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Report: NBA trying to diminish Nuggets’ home-court advantage

Emmanuel Mudiay, Greivis Vasquez, J.J. Hickson, Giannis Antetokounmpo

Emmanuel Mudiay, Greivis Vasquez, J.J. Hickson, Giannis Antetokounmpo


The Nuggets have a famed home-court advantage.

Unlike many sports theories, this one is mathematically supported. Reality matches the perception.

But why do the Nuggets fare so much better in Denver than expected?

The most common explanation is the altitude. Opponents aren’t used to playing in the thin air, and they become fatigued more quickly than the Nuggets.

There’s another factor – or at least was.

Christopher Dempsey of The Denver Post:

On the NBA map, Denver is in as unusual a place as there is. It’s smack in the middle — at least a two-hour flight to all but a few cities. And only the Utah Jazz shares the same time zone.

So here’s the problem as other teams see it: Denver has too much of an advantage in back-to-back games when the Nuggets are the second leg and said team is coming to play them from anywhere on the West Coast.

This issue was brought up among the many things on coaches’ minds during their summer meetings.

The NBA already has taken action to reduce that advantage through altered scheduling such as making Denver the first stop coming from the east or putting a day off between the games for teams coming from the west.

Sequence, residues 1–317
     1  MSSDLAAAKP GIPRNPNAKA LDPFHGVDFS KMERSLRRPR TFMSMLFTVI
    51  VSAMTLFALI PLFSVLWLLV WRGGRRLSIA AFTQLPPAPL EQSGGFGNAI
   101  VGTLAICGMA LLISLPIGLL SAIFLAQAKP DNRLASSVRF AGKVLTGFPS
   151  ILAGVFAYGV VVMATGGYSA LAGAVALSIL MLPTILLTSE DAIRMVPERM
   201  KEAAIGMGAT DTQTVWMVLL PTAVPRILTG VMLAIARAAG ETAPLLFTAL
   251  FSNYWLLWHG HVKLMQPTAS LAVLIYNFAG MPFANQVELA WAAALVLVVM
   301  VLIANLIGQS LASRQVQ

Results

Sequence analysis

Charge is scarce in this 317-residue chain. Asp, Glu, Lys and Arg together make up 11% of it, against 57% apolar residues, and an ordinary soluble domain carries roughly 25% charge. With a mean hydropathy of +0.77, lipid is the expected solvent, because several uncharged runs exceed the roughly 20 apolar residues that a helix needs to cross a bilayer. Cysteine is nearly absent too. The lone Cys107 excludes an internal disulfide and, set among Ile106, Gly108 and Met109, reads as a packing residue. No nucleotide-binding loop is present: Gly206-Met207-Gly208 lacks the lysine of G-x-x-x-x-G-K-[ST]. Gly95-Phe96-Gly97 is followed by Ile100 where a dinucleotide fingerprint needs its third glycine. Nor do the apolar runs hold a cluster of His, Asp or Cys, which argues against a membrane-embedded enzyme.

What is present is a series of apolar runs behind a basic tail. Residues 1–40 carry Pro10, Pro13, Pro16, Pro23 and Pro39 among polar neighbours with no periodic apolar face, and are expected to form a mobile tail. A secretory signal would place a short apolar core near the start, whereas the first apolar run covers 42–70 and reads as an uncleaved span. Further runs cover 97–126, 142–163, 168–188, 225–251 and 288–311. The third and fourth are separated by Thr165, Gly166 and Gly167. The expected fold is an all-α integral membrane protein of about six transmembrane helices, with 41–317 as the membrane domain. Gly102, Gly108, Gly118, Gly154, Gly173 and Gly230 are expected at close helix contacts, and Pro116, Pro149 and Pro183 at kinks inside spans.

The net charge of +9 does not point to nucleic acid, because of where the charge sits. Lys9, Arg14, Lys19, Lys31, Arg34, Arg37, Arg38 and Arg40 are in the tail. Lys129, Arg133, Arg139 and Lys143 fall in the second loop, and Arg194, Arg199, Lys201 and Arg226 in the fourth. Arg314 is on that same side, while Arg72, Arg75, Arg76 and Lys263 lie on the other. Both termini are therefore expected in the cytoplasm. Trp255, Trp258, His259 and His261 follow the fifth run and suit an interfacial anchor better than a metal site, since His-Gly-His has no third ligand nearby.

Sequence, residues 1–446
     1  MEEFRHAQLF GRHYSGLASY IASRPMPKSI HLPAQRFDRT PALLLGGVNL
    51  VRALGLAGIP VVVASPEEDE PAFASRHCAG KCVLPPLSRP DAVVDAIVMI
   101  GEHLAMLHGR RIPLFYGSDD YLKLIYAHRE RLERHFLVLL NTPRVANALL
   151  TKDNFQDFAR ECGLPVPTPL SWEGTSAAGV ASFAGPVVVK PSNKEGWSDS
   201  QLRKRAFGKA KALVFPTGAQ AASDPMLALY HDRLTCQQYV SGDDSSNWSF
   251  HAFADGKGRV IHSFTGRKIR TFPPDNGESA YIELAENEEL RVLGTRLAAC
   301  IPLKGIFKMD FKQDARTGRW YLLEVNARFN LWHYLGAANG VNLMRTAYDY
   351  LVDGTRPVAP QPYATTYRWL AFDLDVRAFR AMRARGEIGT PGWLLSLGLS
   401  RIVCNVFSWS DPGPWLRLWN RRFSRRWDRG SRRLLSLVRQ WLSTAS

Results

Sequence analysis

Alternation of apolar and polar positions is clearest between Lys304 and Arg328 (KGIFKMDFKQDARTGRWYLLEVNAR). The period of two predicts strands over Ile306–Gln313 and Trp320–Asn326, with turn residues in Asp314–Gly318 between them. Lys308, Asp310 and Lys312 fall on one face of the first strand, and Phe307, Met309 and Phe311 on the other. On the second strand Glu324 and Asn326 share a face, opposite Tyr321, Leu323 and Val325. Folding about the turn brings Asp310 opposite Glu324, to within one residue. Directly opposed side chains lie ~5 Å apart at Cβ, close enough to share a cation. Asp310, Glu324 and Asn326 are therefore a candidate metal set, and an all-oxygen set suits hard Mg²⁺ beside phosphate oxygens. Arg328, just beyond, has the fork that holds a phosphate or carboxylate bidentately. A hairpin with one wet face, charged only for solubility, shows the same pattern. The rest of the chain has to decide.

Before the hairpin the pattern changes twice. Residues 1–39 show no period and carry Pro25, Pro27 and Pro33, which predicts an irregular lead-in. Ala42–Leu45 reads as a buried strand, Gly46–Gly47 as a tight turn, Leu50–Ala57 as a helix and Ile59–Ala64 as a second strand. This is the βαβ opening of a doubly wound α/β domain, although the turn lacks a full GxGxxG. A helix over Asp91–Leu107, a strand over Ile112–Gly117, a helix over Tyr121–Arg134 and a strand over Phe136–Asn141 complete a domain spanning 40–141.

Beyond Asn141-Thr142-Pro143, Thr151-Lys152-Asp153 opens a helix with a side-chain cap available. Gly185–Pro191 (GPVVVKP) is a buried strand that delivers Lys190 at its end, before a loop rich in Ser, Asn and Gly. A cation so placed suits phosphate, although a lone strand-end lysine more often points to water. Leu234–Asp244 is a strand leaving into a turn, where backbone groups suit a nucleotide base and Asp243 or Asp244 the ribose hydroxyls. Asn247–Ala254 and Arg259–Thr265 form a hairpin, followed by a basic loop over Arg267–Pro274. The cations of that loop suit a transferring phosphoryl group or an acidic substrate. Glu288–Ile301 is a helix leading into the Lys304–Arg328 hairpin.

“It’s been a point of contention to where they’ve cut it down,” Malone said.

If the NBA is trying to reduce the wear on opponents before visiting Denver, the league could do a better job.

The Nuggets host 11 opponents who are on a back-to-back this season – tied for sixth-fewest in the NBA. The Raptors (6) and Hawks, Bucks and Pelicans (16 each) fall on the extreme ends of the spectrum.

That’s a decent drop from last season for Denver (15, tied for 18th fewest), but not so much from the season prior (12, tied for 9th fewest).

Remember, back-to-backs are down across the board.

What’s more, nine of those 11 opponents on back-to-backs in Denver this season are coming from the west the day prior:

  • Jazz (in Utah day before)
  • Cavaliers (Phoenix)
  • Hornets (Los Angeles)
  • Lakers (Los Angeles)
  • Suns (Phoenix)
  • Wizards (Utah)
  • Mavericks (Sacramento)
  • Kings (Sacramento)
  • Spurs (Golden State)

With supposedly a bigger concern about traveling west to Denver, I’m skeptical how much was really done by the NBA schedule-makers.

To be fair, Denver’s location presents scheduling difficulties. It’s possible the NBA has made a concerted effort to diminish the Nuggets’ home-court advantage. Without knowing which outcomes were possible if the league weren’t concerned by this, it’s impossible to say how effective the scheduling was.